"You tossed a blanket from the bed
You lay upon your back, and waited;
You dozed, and watched the night revealing
The thousand sordid images
Of which your soul was constituted;
They flickered against the ceiling.
And when all the world came back
And the light crept up between the shutters,
And you heard the sparrows in the gutters,
You had such a vision of the street
As the street hardly understands;
Sitting along the bed's edge, where
You curled the papers from your hair,
Or clasped the yellow soles of feet
In the palms of both soiled hands."
Of course, the nighttime is always the best time to reflect on...well, everything, whether they be known issues or deeply personal. This is the second use of the word "thousand" in this poem, and I feel that Eliot uses it as a sort of reverse hyperbole. There are more than a thousand people pulling shades, and at night, it can feel like you're fretting over more than a thousand problems. Eliot brings the reader very close to hope ("And you heard the sparrows in the gutters") before plunging back into tough reality. The final three lines of this stanza need no explanation. The imagery stands alone.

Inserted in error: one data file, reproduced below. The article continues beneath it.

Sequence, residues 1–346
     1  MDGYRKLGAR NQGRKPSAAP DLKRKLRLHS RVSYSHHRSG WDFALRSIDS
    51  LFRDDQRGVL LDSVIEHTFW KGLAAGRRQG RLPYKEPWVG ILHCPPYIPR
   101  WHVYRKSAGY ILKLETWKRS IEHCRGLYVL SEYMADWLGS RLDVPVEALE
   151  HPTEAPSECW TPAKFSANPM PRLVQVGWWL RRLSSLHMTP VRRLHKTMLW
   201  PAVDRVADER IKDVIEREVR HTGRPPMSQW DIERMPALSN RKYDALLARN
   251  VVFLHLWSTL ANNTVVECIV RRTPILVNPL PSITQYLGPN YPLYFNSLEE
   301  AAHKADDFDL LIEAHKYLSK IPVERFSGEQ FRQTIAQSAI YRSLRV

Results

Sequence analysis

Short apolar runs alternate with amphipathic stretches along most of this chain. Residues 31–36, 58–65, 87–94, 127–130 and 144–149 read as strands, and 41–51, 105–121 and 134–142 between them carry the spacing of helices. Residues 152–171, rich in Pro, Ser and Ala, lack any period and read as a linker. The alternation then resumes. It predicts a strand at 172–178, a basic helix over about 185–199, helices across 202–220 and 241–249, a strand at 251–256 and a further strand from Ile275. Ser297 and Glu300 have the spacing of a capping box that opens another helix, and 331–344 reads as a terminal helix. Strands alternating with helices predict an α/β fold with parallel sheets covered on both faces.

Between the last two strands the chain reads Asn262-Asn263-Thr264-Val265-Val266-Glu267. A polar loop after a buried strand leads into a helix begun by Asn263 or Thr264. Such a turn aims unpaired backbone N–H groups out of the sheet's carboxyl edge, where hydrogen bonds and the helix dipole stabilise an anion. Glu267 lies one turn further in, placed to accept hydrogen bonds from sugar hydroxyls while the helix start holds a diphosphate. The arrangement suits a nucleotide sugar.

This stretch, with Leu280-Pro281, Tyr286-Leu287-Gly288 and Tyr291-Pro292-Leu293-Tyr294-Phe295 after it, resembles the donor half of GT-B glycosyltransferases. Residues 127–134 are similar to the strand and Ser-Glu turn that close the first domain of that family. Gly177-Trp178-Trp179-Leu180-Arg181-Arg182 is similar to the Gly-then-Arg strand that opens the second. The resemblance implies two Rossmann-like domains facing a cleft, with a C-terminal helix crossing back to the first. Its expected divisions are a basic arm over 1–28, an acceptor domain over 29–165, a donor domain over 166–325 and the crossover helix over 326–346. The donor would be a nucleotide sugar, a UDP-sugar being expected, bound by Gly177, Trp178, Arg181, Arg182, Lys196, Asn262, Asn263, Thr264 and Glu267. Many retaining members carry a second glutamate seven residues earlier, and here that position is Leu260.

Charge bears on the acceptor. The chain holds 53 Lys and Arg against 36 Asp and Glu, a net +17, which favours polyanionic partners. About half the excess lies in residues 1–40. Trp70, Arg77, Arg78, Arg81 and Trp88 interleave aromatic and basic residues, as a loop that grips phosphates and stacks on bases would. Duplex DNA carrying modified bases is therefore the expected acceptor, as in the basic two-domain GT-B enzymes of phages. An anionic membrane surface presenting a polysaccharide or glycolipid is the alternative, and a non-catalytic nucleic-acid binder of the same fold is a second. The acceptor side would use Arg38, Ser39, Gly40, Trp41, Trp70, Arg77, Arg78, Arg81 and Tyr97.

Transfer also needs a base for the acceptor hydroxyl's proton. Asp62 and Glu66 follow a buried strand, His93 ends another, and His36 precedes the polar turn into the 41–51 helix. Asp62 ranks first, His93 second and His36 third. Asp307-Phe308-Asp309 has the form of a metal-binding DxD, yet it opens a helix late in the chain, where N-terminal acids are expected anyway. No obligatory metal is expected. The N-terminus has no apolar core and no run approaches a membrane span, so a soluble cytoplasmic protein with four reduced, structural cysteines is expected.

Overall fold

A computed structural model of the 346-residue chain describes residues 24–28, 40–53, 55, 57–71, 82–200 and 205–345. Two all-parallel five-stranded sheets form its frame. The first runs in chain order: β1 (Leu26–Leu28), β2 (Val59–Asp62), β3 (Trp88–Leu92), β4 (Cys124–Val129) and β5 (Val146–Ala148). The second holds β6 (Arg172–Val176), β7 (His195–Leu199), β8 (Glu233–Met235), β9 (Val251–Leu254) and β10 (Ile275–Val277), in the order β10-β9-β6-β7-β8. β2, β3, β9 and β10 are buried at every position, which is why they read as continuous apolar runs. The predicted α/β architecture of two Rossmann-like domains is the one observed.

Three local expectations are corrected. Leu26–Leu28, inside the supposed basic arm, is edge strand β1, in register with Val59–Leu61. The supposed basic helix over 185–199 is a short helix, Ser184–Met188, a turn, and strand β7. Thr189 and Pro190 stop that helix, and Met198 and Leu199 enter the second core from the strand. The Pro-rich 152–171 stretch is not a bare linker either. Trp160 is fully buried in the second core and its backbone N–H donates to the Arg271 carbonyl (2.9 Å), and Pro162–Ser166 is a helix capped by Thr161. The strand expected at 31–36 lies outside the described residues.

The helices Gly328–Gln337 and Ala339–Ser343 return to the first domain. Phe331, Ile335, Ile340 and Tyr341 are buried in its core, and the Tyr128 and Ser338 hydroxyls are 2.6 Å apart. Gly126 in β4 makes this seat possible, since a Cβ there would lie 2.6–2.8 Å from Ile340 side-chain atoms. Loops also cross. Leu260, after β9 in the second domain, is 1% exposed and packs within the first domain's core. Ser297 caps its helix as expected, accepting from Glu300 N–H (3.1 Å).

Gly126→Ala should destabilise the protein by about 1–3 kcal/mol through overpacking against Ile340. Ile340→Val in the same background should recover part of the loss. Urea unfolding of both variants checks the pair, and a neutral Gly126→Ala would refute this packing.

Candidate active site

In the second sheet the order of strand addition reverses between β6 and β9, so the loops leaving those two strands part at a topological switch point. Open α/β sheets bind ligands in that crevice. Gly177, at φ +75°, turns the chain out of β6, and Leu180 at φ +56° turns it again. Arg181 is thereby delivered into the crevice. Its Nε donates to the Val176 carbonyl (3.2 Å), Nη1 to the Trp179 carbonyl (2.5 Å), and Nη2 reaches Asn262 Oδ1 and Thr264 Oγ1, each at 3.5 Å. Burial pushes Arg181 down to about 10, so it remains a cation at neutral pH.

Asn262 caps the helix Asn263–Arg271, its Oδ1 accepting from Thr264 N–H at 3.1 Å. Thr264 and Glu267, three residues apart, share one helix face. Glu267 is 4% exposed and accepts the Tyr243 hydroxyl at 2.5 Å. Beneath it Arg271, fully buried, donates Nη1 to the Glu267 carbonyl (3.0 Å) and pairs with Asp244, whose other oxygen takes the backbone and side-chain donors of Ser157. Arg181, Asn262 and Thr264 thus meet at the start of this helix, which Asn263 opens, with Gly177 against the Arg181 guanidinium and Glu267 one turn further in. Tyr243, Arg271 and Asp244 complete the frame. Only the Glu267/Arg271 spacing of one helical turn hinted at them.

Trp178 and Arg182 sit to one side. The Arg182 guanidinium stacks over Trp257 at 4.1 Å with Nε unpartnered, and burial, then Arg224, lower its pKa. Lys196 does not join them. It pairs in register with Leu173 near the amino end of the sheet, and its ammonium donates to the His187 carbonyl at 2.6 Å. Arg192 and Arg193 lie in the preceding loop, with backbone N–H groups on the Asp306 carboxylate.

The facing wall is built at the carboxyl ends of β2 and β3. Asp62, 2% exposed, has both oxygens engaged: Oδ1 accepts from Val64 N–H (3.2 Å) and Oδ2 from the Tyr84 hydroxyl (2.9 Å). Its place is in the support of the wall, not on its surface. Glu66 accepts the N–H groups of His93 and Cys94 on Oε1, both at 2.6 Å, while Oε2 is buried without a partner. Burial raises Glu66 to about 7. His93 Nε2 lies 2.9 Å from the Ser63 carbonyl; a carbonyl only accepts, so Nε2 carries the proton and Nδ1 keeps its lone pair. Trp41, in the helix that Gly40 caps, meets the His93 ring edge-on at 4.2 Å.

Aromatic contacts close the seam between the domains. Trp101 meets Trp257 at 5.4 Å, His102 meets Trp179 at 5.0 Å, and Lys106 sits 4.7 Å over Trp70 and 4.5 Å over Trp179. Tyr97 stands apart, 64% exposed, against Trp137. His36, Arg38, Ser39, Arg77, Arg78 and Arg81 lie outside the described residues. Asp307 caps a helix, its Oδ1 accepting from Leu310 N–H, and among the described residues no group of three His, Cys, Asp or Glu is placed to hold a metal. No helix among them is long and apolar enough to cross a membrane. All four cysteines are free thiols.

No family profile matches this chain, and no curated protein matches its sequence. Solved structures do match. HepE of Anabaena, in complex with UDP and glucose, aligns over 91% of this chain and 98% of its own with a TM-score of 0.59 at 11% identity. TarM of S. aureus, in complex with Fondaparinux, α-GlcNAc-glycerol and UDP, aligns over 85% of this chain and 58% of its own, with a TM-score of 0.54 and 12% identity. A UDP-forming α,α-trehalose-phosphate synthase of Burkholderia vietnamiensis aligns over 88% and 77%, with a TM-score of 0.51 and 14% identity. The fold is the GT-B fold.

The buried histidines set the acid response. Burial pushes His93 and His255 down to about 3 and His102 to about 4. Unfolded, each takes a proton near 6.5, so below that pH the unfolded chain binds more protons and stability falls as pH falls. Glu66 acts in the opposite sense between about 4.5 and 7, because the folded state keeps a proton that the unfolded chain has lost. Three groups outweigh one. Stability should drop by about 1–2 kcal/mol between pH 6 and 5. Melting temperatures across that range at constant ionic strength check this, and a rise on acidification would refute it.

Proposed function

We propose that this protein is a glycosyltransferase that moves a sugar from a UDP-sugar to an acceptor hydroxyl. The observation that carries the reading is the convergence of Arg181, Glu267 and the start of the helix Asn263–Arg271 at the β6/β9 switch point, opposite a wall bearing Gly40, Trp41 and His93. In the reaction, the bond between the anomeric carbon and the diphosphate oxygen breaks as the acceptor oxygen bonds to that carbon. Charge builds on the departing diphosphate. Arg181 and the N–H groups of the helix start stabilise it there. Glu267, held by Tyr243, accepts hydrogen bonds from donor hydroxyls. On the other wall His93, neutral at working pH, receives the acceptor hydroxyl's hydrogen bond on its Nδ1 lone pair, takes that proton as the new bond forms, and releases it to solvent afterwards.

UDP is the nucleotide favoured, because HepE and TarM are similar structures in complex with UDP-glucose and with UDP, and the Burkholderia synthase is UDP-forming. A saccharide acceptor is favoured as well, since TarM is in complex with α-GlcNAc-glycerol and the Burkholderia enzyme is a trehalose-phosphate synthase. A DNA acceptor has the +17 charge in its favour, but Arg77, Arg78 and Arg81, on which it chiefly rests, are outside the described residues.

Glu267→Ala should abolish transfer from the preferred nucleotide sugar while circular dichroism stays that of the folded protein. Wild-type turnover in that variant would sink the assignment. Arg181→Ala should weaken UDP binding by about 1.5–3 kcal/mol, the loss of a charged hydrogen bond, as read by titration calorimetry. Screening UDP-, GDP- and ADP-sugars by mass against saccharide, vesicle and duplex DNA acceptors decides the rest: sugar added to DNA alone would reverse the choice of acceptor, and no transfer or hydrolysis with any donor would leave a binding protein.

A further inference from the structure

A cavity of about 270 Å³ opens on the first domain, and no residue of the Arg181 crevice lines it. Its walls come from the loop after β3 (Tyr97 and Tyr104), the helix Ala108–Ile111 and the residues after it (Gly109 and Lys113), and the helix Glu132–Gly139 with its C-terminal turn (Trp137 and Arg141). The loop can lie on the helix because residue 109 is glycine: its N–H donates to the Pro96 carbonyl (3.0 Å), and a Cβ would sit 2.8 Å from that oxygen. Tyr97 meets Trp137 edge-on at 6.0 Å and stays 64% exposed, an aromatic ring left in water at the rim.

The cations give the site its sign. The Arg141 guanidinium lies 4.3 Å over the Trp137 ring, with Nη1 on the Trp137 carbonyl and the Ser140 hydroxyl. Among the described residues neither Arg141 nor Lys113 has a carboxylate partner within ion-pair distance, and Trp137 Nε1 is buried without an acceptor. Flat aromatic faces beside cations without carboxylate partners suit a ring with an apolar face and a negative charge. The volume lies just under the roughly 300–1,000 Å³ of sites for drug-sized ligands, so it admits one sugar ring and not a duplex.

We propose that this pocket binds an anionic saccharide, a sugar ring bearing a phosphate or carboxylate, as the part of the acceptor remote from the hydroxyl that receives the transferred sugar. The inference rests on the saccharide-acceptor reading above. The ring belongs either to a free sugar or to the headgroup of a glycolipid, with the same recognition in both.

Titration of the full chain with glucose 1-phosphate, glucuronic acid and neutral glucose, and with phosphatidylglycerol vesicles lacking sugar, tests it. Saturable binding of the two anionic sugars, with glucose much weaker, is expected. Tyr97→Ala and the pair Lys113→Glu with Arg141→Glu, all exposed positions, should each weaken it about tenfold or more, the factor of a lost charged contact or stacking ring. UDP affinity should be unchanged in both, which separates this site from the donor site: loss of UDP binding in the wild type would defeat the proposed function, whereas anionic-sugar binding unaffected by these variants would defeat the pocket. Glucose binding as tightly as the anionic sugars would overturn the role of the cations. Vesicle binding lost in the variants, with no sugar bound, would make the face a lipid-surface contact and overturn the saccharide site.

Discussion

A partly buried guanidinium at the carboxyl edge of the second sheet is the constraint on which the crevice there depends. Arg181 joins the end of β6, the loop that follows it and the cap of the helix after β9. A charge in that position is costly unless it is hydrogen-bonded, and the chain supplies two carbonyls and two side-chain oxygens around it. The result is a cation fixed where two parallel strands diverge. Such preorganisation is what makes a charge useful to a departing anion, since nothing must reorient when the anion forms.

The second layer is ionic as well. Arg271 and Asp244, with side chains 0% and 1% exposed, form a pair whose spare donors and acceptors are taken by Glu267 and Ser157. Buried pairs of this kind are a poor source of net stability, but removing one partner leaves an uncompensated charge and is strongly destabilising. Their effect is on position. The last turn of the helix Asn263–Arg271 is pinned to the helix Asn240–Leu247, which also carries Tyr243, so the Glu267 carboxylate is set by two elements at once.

"His soul stretched tight across the skies
That fade behind a city block,
Or trampled by insistent feet
At four and five and six o'clock;
And short square fingers stuffing pipes,
And evening newspapers, and eyes
Assured of certain certainties,
The conscience of a blackened street
Impatient to assume the world.
I am moved by fancies that are curled
Around these images, and cling:
The notion of some infinitely gentle
Infinitely suffering thing.
Wipe your hand across your mouth, and laugh;
The worlds revolve like ancient women
Gathering fuel in vacant lots."
The final stanza reflects the opening one, although this time, the hope is evident, even while coupled with the despair of the entire work. The newspaper returns, not as a sign of decay, but as a normal part of the evening. "I am moved by fancies that are curled/Around these images, and cling." Even in the hardest times, we still have dreams, ones that we can hopefully realize before too long. "Wipe your hand across your mouth, and laugh" reminds me of the famous line from "The Love Song of J. Alfred Prufrock": "Do I dare to eat a peach?" Both lines evoke an almost childlike relaxation, without fear of offending anyone with a lack of manners. It does not matter if the time is the beginning of World War I or the American economic crisis of 2009. No matter how awful life may seem, it will get better. There's no need for sugarcoating problems. As Eliot shows, with honest imagery, hope is never too far away.
Eliot, T.S. "Preludes." I and II written at Harvard, October 1910; III in Paris, 1910-11; IV at Harvard, November 1911. Published in Wyndham Lewis's BLAST (second and final issue), July 1915.
Kermode, Frank. Publication/citation notes copyright 1998 by Frank Kermode.